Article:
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!! Connaught Journal; July 26, 1824 "Dublin Fires"

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  • Cathy Joynt Labath
    THE CONNAUGHT JOURNAL Galway, Monday, July 26, 1824 DESTRUCTIVE FIRE At an early hour on Monday morning, an alarming fire broke out in the house of a
    Message 1 of 1 , Dec 14, 2004
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      Galway, Monday, July 26, 1824

      At an early hour on Monday morning, an alarming fire broke out in the house
      of a Cork-cutter in Abbey-street. Before an effectual assistance could be
      rendered towards checking its progress, the flames raged with tremendous fury,
      and the entire building was nearly one body of fire. Several engines by this
      time had arrived; and being supplied with water from the carts belonging to the
      Paving Board, which were also in attendance, they played with much effect,
      although for a considerable time before the great body of fire was reduced. The
      floors of the house fell, and also the front wall, which came with a dreadful
      crash into the street. The sight was truly appalling as the flames rose with
      redoubled fury from the pile of ruins. Serious apprehensions were entertained
      for some time as to the safety of the adjoining houses; but, we believe, except
      a house which was next to that in which the fire originated, and to which the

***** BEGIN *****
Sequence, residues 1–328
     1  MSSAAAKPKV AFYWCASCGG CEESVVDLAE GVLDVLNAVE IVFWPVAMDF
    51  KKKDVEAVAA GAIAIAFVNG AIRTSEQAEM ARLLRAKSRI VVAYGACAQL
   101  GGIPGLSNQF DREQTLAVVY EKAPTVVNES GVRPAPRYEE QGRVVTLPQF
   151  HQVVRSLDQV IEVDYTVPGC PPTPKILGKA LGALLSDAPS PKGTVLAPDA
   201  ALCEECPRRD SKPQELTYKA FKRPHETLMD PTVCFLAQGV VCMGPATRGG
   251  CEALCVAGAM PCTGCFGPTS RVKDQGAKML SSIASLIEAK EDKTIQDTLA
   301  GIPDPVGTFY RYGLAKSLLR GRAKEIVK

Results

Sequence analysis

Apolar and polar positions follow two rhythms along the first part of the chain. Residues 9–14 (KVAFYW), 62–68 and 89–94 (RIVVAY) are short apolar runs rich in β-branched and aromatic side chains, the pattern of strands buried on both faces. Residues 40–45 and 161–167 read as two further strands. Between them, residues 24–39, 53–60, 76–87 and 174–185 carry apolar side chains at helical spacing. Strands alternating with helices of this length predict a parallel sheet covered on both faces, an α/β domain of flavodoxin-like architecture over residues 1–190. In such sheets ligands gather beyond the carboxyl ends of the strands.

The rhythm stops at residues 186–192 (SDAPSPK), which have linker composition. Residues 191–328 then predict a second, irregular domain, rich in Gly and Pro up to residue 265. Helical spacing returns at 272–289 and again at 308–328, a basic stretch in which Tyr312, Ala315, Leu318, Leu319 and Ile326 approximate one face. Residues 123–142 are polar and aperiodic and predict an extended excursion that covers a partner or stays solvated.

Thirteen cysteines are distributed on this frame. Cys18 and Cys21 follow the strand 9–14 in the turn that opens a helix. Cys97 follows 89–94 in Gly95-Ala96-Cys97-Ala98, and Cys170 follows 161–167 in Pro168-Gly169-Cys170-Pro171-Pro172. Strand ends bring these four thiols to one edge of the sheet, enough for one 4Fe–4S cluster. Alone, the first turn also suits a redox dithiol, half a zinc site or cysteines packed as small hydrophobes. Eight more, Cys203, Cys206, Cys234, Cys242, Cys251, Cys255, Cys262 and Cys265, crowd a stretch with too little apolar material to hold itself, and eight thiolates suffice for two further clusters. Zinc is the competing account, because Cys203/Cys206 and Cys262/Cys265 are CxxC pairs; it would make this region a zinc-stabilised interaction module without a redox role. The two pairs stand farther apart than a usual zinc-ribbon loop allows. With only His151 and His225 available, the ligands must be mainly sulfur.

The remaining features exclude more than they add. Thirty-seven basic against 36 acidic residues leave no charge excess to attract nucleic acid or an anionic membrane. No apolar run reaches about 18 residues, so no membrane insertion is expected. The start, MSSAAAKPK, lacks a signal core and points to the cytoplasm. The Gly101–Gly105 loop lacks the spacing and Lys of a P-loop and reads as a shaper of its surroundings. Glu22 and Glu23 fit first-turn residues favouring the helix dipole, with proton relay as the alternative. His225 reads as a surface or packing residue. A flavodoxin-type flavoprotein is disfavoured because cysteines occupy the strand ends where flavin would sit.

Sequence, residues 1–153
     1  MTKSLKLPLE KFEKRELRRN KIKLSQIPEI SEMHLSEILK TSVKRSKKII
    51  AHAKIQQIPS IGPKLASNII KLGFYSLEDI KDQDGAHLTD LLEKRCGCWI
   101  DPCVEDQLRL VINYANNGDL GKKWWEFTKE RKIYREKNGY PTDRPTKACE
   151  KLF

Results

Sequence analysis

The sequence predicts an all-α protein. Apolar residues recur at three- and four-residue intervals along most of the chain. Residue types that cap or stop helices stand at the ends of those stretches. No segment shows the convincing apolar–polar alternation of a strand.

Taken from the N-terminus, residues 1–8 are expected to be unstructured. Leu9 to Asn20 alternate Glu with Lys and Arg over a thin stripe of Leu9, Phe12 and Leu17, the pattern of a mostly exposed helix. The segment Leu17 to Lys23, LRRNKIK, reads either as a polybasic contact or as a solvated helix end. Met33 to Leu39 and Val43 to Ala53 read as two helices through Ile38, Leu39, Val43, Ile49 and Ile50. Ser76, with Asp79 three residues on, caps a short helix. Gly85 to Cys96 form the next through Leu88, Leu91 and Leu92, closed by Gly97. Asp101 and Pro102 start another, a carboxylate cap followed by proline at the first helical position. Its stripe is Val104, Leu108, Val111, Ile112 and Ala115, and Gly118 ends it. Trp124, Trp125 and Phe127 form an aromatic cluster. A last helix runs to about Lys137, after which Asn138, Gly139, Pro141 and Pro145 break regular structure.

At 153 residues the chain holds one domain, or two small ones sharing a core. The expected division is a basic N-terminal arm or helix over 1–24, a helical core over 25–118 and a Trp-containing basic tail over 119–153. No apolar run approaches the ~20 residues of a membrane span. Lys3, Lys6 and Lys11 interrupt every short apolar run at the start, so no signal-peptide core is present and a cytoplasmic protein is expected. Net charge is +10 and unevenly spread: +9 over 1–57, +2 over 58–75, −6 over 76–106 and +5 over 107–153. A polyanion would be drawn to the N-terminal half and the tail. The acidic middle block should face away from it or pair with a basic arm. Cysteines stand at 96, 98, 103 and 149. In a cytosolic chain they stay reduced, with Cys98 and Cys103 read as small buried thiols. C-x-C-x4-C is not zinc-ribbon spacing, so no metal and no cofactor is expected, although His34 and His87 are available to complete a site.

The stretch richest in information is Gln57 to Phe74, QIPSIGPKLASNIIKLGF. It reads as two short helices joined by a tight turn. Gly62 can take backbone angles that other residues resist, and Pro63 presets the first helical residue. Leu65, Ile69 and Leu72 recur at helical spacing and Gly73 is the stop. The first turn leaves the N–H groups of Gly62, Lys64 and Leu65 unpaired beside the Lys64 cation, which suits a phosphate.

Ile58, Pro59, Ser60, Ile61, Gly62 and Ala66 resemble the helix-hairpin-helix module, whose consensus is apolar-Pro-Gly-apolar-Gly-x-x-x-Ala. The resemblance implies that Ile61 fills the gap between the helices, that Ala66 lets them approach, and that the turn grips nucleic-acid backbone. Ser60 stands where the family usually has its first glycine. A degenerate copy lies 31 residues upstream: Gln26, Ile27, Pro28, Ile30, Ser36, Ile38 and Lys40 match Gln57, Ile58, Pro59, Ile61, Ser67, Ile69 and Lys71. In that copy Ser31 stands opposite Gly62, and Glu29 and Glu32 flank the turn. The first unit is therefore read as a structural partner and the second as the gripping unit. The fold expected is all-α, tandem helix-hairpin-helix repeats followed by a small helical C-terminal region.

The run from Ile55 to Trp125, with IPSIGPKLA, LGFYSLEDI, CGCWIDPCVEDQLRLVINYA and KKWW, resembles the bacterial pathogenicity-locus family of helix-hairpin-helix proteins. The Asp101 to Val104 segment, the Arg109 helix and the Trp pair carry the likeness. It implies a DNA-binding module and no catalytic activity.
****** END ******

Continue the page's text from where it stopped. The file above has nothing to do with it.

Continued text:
flames communicated, they escaped uninjured. A considerable quantity of
      furniture from those houses were conveyed, for safety, into the street. A
      detachment of Horse Police attended to preserve order. The Lord Mayor and High
      Sheriffs were also in attendance. The conduct of the Police was highly
      exemplary, and the greatest assistance was rendered by the carts of the Paving
      Board, which were supplied with water from the river and from yards in the
      neighbourhood. We have not heard in what manner the fire originated. it was no
      effectually got under until about three o'clock. It is with much regret we have
      to state, that a young woman, named Mary Kelly, only twenty-one years of age,
      was burned to death; the remains of the body were dug from out the smoking ruins
      yesterday. A Coroner's Inquest was subsequently held on the body - Verdict,
      "Accidental death by burning." It is most pitiable to witness the distracted
      state of the Mother of the Deceased, a very old woman, who was amid the crowd,
      shrieking and wringing her hands. The body was found in an erect posture, half
      consumed, in a back part of the house; the head had separated from it. -- D.E.

      ALARMING FIRE. - Yesterday morning, between 3 and 4 o'clock, the north side
      of the Metropolis was thrown into consternation by the bursting out of a fire in
      the house behind Mary-street, and in a most populous neighbourhood. The flames
      were discovered by the Watchman on duty, who very properly gave the alarm with
      alacrity. At first some dismay was created by the want of a sufficient supply of
      water, but that important want was quickly removed by the activity of the Paving
      Board, who brought a quantity of water in their carts from the Liffey. The
      flames were got under in about two hours; but considerable damage has been
      sustained, and but little of the furniture saved. It is somewhat singular that
      it was Mr. Harris's intention, in consequence of the late fire in Abbey-street,
      to have insured his premises yesterday. A boy, son to Mr. Harris, had a narrow
      escape of being burned- he was obliged to leap out of the window into the arms
      of the spectators. -- Ibid.

      Cathy Joynt Labath
      Ireland Old News
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